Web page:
Philippe Starck: 'I'd rather save lives than be a designer'

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The designer's latest project is a reinvention of the photo booth, but he says that to want to be a designer is "a stupid dream".


Philippe Starck has re-imagined many everyday objects in his decades as a designer. He reworked the toothbrush in 1989, creating a mini-sculpture that you could also brush your teeth with. He produced a juicer for Alessi, the Italian design company, in 1990, which evolved from a sketch of a squid and became so iconic it has been displayed in New York's Museum of Modern Art. Its primary purpose, according to Starck, was to “start conversations". He has now turned his hand to photo booths, in collaboration with the operating company Photo-Me. As with everything he designs, he has assessed the project and decided it is worthwhile.

“Photo booths make a picture of every important time of our life; your first bus card, your ID for school, your passport. After you get married - you take a picture." He explains in a slow, clear French accent. “The photo booth is very special because in the photo booth you are not in front of the camera of someone else. In front of someone else you will pull a face but behind the curtain, in the mirror, you are really you. There is no picture that is more you than that. So I want to give this object longevity."

The booths also fit well with Starck's philosophy of democratisation - all his designs should be affordable. “With all the economical problems we have, people will become very poor and for a lot of people it will become impossible to buy even the cheapest camera on the market but almost everyone will have a coin to put on the machine… and exist."

Existence is at the core of Starck's design philosophy. "We try to deserve to exist. If we can try to seriously help people it begins to interest me. I have a sadness that in my job we will never save life - that's the most important challenge today - people die for many reasons and I am impotent on front of that." He would never choose to be involved in design. “Absolutely not. No. I think that would be a stupid dream."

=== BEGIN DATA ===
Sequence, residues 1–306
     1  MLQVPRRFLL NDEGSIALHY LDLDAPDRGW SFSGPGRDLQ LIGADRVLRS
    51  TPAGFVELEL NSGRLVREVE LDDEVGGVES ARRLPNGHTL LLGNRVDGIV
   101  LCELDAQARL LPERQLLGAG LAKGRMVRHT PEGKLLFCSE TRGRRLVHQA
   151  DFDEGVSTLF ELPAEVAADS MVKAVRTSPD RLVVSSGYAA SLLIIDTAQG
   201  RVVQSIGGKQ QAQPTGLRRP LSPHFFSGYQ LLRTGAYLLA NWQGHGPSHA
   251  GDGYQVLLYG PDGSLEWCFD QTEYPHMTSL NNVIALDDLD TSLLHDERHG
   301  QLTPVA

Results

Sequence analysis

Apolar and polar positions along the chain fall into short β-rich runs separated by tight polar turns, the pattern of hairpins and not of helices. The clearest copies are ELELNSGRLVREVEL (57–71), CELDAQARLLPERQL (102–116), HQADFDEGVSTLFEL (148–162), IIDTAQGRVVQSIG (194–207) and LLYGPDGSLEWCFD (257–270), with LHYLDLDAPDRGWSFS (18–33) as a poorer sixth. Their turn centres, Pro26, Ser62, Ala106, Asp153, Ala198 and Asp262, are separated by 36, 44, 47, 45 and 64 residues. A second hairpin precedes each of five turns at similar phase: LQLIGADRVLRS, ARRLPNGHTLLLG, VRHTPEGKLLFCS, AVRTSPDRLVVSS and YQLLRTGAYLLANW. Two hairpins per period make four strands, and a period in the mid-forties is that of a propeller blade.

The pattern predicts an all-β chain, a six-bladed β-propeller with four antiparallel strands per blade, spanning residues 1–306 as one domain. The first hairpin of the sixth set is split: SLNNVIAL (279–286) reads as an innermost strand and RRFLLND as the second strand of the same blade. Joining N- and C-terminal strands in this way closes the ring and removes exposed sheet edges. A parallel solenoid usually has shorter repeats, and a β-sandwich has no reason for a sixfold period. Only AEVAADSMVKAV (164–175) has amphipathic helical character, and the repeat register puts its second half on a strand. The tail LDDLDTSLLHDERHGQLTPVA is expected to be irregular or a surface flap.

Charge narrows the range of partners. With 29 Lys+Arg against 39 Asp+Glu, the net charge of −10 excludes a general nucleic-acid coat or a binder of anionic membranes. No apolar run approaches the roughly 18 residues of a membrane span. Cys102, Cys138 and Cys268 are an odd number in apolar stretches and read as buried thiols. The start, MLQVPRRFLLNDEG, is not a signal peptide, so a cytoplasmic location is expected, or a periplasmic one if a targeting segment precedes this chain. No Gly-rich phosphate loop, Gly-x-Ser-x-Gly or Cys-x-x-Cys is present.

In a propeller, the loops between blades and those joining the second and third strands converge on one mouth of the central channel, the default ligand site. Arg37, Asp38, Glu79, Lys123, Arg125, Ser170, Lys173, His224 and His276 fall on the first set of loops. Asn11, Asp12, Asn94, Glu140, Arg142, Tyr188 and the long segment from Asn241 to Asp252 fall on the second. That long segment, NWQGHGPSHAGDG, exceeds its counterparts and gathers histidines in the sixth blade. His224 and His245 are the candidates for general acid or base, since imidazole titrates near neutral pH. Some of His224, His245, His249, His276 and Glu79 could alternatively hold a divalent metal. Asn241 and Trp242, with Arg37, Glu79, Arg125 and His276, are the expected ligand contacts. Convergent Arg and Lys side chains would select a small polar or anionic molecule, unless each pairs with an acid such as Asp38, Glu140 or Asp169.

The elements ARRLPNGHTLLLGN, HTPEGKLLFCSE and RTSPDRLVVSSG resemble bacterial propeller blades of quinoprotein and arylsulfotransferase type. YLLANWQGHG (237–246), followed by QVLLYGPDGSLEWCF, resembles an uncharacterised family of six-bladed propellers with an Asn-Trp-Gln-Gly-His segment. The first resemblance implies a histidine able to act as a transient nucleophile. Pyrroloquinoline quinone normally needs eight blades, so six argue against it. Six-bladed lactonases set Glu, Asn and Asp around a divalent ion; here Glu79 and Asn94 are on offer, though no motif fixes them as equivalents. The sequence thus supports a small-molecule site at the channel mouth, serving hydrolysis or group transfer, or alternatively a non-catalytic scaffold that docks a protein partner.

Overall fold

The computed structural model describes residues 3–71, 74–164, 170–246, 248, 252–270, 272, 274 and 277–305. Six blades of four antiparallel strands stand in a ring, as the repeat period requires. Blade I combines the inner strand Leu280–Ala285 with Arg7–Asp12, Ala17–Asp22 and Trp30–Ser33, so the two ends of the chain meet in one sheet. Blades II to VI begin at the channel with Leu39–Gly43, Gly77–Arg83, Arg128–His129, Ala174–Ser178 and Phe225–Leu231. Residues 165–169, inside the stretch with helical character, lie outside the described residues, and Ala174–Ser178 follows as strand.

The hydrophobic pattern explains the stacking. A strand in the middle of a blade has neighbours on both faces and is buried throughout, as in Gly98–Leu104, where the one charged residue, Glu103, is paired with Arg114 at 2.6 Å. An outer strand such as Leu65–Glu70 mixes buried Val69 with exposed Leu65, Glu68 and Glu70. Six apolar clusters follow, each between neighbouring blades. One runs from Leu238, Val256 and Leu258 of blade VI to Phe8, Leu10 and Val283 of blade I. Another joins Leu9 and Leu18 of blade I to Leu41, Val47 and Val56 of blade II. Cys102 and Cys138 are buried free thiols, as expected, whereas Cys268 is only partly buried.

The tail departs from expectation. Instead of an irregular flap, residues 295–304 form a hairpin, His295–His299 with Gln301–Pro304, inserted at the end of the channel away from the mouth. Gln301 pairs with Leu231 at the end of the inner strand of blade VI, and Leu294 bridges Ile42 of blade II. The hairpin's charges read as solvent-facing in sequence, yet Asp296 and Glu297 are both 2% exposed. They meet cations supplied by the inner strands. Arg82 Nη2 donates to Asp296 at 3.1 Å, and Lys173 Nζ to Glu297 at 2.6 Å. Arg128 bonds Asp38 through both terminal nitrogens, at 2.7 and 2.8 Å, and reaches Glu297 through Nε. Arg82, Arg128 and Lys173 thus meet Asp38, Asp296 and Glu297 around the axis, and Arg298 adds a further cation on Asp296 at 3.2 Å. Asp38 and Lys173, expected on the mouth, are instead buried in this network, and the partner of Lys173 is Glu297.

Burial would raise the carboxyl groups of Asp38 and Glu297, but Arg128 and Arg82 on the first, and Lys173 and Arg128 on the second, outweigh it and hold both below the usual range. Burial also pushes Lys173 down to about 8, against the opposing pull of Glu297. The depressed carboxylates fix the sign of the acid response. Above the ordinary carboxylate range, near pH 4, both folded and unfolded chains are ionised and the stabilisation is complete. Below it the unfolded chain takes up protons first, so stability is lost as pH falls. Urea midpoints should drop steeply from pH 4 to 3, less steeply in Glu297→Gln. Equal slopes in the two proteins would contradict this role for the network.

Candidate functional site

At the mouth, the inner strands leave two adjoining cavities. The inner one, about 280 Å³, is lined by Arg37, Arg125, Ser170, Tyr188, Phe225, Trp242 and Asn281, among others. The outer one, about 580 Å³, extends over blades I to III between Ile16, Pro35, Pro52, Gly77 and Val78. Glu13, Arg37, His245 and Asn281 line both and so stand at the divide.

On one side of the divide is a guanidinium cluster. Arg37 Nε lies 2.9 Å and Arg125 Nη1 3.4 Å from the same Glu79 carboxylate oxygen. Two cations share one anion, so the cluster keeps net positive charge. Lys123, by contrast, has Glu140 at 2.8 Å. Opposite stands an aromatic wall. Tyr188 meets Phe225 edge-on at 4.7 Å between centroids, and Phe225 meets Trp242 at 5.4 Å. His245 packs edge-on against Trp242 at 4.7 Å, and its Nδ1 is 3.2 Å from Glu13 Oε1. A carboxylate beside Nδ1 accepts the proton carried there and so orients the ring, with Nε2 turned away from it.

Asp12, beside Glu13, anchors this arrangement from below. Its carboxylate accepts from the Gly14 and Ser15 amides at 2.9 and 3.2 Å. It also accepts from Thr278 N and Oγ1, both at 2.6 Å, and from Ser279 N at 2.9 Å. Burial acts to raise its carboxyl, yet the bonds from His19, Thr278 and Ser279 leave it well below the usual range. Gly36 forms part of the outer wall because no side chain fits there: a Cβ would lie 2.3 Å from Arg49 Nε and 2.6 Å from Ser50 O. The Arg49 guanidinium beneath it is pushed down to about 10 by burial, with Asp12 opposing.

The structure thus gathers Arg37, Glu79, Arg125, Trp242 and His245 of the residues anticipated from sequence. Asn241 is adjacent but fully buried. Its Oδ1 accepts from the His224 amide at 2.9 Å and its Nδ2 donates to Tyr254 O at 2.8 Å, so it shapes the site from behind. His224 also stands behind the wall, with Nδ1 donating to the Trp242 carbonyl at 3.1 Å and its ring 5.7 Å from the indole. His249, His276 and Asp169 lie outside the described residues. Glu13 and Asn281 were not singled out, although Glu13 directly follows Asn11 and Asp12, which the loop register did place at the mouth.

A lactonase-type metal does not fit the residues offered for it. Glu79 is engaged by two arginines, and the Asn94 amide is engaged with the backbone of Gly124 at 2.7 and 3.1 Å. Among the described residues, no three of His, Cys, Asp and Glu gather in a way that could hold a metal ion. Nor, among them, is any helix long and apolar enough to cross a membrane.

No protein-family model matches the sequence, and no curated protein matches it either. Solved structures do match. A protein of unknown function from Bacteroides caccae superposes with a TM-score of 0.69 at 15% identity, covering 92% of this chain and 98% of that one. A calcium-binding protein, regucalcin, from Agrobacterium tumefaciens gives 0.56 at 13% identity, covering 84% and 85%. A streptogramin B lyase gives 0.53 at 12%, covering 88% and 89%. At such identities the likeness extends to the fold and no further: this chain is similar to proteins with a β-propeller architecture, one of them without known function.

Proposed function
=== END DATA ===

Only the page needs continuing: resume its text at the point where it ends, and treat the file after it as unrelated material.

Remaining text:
Designing is a compulsion for Starck. He says he would never have chosen to be a designer. “It's not normal to produce so many ideas like I do. It is non-stop. There's a relation with autism, I think, mild but there. As I get older the sickness grows. My father was a brilliant aircraft engineer and I was on a platform to make great rocket or something amazing and instead, sadly, I made a toothbrush."

He did not just make a toothbrush. He pioneered eco-design long before it became fashionable. He has created affordable but well made objects - available to the masses. His upcoming projects include an electric moped (“very affordable"), a hydrogen boat and prefabricated high-quality ecological houses costing just 1000 Euros per square metre. He works hard at deserving to exist.

The new booths - which will arrive in shopping centres from next Thursday, are much more modern than the old blue photo booths. The box itself is grey, with a screen on the outside which detects your face as you look at it and fits it into a passport or one of the booth's ‘fun' scenes - Warholesque prints and anime-style cartoons. The stool is wide and orange, with a pulsating light at its centre - like a heart. The stools in the old booths used to move up and down, now the camera adjusts to your height. It's sleek and modern and comfortable. Unfortunately the technology (not designed by Starck) failed when I tried to use it - six times. Hopefully the bugs will be fixed before they are rolled out across London this week. But technology is not the only problem for the booths, which are an easy target for vandals.

“You have an object that was designed in a civilised time and now you have to redesign in a barbarian time. Now you have to design everything to resist the wildest imagination. It is astonishing the energy and imagination people have to destroy."

Starck has encountered the problem before. Even if something is very beautiful, he says, people will still want to destroy it.

“Fifteen years ago, I redesigned the public toilets in Paris, it made me the president of the Japanese Association for the Amelioration of Public Toilets. I was proud. Before it was very dirty, everything was broken and I said to people, ‘you will see - if we do it well people will respect it.' We succeeded. Twenty years ago it was possible to design something pretty and people to respect it. Not now."

The new Photo-Me booths will be available in shopping centres in London from this week.

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